Reviews. These provide concise and precise updates on the latest progress made in a given area of research. Systematic reviews should follow the PRISMA guidelines.
The Eur J ClinExp Medaccepts also the following types of submissions: case reports, letters to the editor, commentaries, book reviews, and reports from scientific meetings and conferences.
The guidelines listed below should be followed where appropriate. Please use these guidelines to structure your article. Completed applicable checklists, structured abstracts and flow diagrams should be uploaded with your submission; these will be published alongside the final version of your paper.
Please refer to existing guidelines for reporting methodology; e.g.:
- AGREE [http://www.agreetrust.org/resource-centre/agree-reporting-checklist/] guidelines for clinical practice guidelines
- ARRIVE [https://arriveguidelines.org/] guidelines for in vivo animal studies
- CARE [https://www.care-statement.org/] guidelines for clinical case reports
- CONSORT [http://www.consort-statement.org/] guidelines for clinical trials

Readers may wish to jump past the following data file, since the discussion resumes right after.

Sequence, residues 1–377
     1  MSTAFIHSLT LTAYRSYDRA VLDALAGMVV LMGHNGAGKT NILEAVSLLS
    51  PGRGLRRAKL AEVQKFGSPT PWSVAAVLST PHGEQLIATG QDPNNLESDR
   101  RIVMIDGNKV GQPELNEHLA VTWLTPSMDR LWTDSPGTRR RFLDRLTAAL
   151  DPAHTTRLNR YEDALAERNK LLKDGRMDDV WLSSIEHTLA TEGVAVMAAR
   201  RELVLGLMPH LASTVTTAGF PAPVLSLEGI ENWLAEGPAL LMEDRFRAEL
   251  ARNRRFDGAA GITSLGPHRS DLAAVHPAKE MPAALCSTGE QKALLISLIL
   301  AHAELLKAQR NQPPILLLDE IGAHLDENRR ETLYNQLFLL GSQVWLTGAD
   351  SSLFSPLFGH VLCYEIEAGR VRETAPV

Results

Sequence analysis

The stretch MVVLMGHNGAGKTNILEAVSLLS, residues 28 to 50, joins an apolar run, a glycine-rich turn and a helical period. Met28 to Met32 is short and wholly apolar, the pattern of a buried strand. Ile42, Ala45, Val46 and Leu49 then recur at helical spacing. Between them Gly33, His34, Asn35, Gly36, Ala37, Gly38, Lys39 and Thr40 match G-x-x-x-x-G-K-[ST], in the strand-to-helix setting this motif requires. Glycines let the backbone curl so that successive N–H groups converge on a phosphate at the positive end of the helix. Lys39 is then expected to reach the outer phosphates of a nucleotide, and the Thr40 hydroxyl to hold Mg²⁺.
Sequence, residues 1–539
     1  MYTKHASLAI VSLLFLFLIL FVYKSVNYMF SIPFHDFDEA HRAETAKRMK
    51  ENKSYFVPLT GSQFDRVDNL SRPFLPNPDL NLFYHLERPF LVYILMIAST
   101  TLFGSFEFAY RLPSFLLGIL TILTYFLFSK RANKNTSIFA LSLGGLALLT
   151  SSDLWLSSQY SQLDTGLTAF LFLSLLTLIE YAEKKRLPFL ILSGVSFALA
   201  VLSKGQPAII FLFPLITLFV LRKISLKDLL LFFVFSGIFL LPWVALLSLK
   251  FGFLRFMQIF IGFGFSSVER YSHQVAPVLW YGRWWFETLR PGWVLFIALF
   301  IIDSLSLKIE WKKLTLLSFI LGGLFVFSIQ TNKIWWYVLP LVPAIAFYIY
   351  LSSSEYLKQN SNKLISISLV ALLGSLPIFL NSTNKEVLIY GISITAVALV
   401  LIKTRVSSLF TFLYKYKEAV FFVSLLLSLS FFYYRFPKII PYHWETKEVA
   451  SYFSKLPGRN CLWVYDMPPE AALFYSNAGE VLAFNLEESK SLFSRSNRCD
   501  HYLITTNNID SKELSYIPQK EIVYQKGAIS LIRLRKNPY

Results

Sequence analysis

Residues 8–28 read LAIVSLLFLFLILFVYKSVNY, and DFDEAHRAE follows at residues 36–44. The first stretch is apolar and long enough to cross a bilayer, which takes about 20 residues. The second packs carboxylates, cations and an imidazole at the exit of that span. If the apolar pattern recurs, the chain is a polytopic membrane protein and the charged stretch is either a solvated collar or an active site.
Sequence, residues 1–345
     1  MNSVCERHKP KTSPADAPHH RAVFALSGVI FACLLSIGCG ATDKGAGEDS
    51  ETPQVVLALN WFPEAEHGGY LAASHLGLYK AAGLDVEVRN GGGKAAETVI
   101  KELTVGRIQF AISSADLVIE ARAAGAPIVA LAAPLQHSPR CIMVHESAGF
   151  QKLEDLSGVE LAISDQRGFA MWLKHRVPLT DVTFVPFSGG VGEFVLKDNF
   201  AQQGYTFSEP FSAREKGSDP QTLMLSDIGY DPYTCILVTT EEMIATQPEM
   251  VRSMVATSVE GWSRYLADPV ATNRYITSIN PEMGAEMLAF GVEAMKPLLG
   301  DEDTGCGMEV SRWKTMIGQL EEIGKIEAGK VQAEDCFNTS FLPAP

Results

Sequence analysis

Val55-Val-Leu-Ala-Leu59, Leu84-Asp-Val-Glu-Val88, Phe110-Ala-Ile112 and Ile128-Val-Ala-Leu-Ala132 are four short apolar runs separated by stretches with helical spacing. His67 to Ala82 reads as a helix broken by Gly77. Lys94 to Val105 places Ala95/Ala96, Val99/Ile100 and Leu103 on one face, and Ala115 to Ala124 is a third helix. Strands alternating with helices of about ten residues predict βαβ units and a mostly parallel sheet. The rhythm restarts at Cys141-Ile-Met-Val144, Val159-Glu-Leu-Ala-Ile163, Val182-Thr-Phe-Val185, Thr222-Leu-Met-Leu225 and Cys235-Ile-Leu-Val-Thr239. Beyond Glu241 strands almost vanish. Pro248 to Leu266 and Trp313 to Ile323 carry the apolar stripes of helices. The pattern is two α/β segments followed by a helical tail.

- PRISMA [http://www.prisma-statement.org/] guidelines for systematic reviews and meta-analyses
- SPIRIT [http://www.spirit-statement.org/publications-downloads/] for clinical trials
- STARD [https://bmjopen.bmj.com/content/6/11/e012799] guidelines for studies of diagnostic accuracy
- STROBE [https://strobe-statement.org/index.php?id=available-checklists] guidelines for observational studies
Your paper should consist of the following parts. Title page should be supplied as a separate file.
Research manuscripts should comprise:
- Title page: Title, Author list, Affiliations, Abstract, Keywords.
- Research manuscript sections: Introduction, Aim, Materials and Methods, Results, Discussion, Conclusions.